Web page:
The Daily Globe - Serving Gogebic, Iron and Ontonagon Counties

Officials report rural homeless less visible


December 9, 2020

Editor’s note: This is a first in a series of stories on homelessness in the region.


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Bessemer — Local leaders described a recent virtual town hall meeting on rural homelessness as “eye opening” after hearing how the problem is less visible but as significant in the smaller communities as it is in urban centers. 

The virtual town hall is a regular series that involves leadership of area cities and townships. The Nov. 24 town hall on homelessness was attended by Wakefield Mayor Dale White, Ironwood Mayor Pro Tem Kim Corcoran; Bessemer Mayor Pro Tem Terry Kryshak and host Charly Loper, Bessemer city manager. The show featured Rochelle Clemens-Ludtke, housing specialist for Gogebic and Ontonagon Community Action Agency, and Sean Flag, housing resource agent facilitating services for the Dickinson-Iron Community Services Agency.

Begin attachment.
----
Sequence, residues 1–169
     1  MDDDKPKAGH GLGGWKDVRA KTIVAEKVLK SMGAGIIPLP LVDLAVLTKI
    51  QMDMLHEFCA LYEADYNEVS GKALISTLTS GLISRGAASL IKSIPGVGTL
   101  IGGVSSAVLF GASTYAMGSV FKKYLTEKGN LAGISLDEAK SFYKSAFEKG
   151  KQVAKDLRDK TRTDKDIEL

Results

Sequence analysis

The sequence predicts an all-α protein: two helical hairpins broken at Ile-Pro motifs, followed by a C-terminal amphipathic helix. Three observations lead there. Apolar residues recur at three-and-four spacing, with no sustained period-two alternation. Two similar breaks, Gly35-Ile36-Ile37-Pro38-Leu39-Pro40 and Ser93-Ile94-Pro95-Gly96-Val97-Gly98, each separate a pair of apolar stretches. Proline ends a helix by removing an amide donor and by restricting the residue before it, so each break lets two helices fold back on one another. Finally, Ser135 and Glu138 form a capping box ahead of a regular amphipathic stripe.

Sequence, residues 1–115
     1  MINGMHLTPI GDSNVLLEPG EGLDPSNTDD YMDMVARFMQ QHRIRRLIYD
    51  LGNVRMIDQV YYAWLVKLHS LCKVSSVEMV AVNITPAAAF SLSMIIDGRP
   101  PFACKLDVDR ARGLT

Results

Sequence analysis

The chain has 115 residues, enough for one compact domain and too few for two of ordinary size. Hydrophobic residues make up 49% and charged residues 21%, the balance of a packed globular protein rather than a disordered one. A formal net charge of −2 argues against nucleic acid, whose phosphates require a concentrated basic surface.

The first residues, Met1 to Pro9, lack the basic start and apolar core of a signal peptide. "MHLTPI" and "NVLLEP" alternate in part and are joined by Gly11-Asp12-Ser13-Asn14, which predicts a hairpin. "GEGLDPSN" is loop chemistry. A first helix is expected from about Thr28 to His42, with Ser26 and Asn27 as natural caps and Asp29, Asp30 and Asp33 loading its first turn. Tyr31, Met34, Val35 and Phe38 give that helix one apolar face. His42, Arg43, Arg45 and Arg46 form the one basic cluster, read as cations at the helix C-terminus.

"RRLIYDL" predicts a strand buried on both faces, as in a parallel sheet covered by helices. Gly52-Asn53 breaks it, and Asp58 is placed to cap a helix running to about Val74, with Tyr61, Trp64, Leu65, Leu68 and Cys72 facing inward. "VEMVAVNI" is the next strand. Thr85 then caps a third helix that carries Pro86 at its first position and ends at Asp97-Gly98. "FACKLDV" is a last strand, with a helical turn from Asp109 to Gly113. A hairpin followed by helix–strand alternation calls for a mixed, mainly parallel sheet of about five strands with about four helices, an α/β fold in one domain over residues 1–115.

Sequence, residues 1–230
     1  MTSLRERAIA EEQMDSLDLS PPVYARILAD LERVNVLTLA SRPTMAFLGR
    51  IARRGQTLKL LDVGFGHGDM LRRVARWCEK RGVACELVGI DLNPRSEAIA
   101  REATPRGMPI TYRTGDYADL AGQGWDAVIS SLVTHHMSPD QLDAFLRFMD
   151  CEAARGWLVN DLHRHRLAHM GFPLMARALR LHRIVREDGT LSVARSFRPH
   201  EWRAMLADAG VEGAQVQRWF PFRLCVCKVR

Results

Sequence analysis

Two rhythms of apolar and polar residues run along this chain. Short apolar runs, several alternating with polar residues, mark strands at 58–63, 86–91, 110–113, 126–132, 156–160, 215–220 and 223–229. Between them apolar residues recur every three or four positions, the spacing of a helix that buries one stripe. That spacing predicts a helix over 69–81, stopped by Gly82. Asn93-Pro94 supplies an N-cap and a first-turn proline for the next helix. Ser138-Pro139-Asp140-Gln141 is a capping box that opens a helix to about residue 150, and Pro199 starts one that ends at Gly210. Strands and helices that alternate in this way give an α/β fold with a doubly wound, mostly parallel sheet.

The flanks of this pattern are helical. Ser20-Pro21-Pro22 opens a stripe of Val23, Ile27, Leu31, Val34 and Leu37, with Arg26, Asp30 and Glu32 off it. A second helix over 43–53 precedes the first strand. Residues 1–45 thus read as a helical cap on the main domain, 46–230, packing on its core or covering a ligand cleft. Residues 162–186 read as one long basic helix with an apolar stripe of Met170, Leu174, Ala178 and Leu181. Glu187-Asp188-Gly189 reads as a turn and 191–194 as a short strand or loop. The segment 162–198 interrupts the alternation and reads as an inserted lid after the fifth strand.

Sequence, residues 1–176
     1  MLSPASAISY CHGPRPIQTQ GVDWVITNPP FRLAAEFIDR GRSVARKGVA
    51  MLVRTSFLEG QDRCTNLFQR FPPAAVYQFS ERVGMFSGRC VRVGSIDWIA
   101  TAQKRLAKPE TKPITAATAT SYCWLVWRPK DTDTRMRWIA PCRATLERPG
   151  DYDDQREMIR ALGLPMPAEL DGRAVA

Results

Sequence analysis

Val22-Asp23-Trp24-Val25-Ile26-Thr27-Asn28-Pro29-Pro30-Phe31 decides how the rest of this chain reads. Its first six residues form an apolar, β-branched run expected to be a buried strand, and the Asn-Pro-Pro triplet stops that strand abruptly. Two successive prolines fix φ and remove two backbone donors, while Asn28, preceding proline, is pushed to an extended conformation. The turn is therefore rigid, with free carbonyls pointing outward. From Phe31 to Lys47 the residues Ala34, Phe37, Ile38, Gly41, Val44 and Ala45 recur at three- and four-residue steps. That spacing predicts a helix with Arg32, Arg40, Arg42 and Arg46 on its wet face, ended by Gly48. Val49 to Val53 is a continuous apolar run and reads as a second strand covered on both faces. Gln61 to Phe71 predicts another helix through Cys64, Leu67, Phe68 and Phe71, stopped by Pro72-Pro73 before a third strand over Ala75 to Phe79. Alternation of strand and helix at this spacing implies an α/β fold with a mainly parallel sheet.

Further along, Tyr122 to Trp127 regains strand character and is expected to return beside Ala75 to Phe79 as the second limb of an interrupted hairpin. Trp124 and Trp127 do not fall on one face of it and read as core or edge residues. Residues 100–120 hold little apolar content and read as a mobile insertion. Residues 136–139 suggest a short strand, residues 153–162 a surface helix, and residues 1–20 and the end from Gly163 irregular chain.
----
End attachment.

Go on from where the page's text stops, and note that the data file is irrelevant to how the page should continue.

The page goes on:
Corcoran started the questioning by asking what are the causes of homelessness and what the situation is at this time in the western Upper Peninsula. 

Flag said there are a variety of factors that lead to homeless. It could be loss of a job, a divorce, an eviction, someone who is new to an area or recently released from jail and without a local support system, he said.

“Homelessness could be someone without a permanent residence or a roof over their head, to someone who resides in a place that is not fit for human occupancy, such as an abandoned building, a condemned facility or the back room of their employment,” Flag said. “Those are places that aren’t suitable so it’s just a different type of homelessness.”

Clemens-Ludtke said the three main causes of homelessness are the lack of affordable housing, unemployment and poverty. Anyone can be at risk of homelessness at one time or another and the pandemic has demonstrated this with the number of people on the verge of eviction as businesses shut down and people are laid off, she said.